The instructions to the jury submitted to them the only question of fact in the case, and the whole of it. That was whether the witnesses who had stated the facts were worthy of credit. There was no evidence except that of the witnesses for the people. There was no conflict, and no difference as to the facts among the witnesses. These facts were sufficient to constitute the offence. All that there was for the jury to determine was whether the witnesses should be believed. If they were believed, a certain state of facts was proved, and from that the conclusion was a legal one, that the prisoner was guilty of a certain crime. I entertain no doubt that the Court had the same right to pronounce upon the law as the jury upon the facts. I agree fully with. Judge SELDEN'S reasoning on this point. It follows that in this case it was the duty of the judge to instruct the jury what crime the prisoner had committed, because the facts were undisputed, and were not circumstantial but direct evidence of the commission of an offence by two persons, of whom the prisoner was one. It is true that the judge instructed the jury that the evidence showed the commission of one of three offences. It is objected that there was an uncertain and insufficient declaration of the law. But we must assume that the judge did instruct the jury as to these various offences. The case brings before us only so much of the charge as presents a single question, and the presumption is that the jury were properly instructed on all other points.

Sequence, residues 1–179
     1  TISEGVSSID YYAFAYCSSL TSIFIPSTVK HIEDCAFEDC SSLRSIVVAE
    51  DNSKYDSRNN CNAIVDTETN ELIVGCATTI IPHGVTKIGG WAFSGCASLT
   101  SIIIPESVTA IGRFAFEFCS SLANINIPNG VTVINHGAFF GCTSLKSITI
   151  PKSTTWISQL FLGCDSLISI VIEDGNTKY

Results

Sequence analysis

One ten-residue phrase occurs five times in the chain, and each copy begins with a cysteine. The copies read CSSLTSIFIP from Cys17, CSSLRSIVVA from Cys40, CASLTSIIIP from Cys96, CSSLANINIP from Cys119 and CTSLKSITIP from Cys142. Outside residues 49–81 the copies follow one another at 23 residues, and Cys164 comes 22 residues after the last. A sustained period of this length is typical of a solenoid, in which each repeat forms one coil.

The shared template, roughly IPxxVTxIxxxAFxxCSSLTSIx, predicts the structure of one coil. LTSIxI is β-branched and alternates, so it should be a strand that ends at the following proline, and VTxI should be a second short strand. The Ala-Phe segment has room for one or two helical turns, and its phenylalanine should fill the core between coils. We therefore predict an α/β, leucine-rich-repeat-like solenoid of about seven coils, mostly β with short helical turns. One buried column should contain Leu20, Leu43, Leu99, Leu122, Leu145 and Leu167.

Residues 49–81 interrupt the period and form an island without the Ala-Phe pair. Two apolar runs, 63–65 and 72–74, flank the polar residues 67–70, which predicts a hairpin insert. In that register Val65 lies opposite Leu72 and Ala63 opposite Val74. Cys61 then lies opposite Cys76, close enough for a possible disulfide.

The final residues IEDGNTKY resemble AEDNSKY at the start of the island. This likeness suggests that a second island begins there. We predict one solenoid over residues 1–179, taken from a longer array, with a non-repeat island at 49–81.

The evidence that the stolen property was found in a certain place, in consequence of what the prisoner told an officer, was properly received, although the confession to the officer was not evidence, because obtained by promises of favor. I am satisfied with the rule and the reasoning given in Warrichshall's Case (1 Leach, 298), and in Greenleaf's Evidence, vol. 1, §§ 231, 232, on this point. (See, also, 9 C. P., 364.) Confessions obtained by promises or threats are not received in evidence by our law, not because of any reason of public policy, or from any faith towards criminals, but simply because they are considered not worthy of credit. But where the facts show that any part of such confession is true, the reason no longer exists. (See note to 1 Leach, 301.) All that was proved in this case was that the officer went to a place indicated by the prisoner and found the stolen property. The prosecutor did not ask what the prisoner said about the property, or where it was, nor even prove that the prisoner said that he had placed it where it was found. He simply testifies that he went to a pawnbroker's shop to get the stolen property, in consequence of what the prisoner told him about it. I cannot see the least doubt that this was good evidence.
There was no error at the trial and the conviction should be affirmed.
All the judges concurred that the jury are bound by the instructions of the court as to the law.